Also, empower people by differentiating between Type I (hard to reverse) and Type 2 (easy to reverse) decisions. Don’t be overly burdensome with the process around Type 2 decisions. Use your values as a quick guide.

4. Create a simple strategic plan.

Once you’ve decided on clear inputs and outputs and come to a decision, create a simple strategic and communication plan for you and the team. Capture the plan in a simple one-pager – it doesn’t have to be complicated; you just need to have one. Document your decision, the goals, inputs, and outputs, and set thoughtful deadlines. With this format, your strategic plan communicates where you plan to go, why you chose to go there, who is responsible for what, and how you plan to get there. Random slack chats and threads should not be the home for your strategic conversations. After we adopted Slack in the early days, everything lived in Slack. It quickly became apparent this was a problem for efficient team communication, decision-making, and execution ownership. New team members had to wade through long-gone conversations with tangents to get to the root of a matter. Observations and side conversations made decisions unclear. 

5. Practice continuous improvement and close the feedback loop.

It’s tempting to consider yourself “done” with the process of becoming a data-driven decision-maker. But the frameworks, communications, and strategic plan documents are just the beginning. Data collection is ultimately about continuous improvement. When you improve your inputs, do your outputs improve? If not, you may be tracking and improving the wrong input.  Revisit your decisions and why you made them. How can you do better? An effective feedback loop allows an evaluation of progress toward our goals and quick course correction at critical moments before going too far down the wrong path.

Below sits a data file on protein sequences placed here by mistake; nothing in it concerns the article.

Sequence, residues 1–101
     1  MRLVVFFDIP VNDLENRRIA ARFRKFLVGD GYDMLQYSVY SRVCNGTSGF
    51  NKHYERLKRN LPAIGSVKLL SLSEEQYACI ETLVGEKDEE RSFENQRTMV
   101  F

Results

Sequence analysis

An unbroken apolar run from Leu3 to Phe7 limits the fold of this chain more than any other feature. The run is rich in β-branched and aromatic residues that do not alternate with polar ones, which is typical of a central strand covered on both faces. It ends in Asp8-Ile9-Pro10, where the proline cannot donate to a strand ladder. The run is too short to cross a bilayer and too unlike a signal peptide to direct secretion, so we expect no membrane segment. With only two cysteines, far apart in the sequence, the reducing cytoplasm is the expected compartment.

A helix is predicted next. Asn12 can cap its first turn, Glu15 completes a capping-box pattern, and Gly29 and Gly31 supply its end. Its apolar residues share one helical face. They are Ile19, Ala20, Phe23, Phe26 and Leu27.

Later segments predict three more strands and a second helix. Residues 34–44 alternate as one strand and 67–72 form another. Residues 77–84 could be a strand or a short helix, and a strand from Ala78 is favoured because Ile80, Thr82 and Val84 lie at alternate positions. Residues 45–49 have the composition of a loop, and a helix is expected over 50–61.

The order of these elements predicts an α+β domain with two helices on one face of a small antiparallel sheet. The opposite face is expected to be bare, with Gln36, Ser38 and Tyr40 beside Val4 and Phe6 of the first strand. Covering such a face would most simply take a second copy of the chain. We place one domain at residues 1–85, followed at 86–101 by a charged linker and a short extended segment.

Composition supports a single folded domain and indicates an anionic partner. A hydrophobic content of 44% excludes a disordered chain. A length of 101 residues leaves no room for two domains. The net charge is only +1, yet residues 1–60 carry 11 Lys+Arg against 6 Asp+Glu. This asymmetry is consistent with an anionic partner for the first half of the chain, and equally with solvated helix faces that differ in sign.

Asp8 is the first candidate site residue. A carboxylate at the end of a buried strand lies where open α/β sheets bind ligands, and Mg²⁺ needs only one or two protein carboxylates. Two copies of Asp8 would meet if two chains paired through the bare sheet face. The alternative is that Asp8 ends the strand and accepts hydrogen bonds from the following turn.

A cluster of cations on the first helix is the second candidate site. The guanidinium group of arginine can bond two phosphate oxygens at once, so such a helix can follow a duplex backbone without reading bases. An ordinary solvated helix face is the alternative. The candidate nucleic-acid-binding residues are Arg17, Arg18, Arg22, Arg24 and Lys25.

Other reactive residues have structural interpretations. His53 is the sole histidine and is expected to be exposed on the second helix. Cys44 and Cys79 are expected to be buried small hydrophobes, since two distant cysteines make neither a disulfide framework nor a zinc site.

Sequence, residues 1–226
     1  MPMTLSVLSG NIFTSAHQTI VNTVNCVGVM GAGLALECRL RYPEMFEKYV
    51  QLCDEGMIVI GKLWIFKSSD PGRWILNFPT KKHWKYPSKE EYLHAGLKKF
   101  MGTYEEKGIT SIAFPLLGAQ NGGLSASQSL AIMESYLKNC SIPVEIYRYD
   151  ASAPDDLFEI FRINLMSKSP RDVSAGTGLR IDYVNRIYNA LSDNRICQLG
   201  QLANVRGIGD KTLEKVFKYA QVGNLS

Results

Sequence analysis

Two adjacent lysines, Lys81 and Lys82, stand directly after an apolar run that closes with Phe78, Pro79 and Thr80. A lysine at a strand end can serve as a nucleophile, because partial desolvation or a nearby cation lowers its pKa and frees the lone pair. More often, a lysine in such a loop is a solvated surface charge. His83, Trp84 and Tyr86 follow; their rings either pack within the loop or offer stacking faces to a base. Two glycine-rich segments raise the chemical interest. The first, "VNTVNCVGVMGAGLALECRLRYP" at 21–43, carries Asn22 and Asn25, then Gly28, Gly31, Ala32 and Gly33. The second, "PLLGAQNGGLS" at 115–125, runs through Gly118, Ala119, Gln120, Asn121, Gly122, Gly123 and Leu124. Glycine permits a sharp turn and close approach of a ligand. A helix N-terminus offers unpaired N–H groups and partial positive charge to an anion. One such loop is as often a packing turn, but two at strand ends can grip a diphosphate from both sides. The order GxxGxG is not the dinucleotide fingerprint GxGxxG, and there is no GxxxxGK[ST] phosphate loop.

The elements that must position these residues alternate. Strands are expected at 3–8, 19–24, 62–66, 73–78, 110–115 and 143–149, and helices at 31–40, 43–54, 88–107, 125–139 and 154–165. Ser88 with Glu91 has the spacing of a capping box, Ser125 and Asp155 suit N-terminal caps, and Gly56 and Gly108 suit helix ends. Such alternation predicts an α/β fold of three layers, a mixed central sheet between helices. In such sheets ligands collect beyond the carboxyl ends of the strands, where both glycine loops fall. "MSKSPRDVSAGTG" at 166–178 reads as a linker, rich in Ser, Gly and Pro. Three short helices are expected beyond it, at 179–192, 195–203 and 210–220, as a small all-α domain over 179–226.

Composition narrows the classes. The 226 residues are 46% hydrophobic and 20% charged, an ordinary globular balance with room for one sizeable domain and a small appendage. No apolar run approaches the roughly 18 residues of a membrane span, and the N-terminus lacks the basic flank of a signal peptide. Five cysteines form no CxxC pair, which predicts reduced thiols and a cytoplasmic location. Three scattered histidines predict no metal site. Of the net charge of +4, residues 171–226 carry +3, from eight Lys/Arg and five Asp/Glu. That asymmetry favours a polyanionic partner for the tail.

Data-driven decision-making is also a powerful tool to unify your team. Make the decision and goal-setting process a team-wide affair and use it to drive buy-in. Create a habit of revisiting your whys and discussing them as a team.

I hope you enjoyed this week’s Let’s Build post. As always, please let me know your thoughts by tweeting me @sotulana.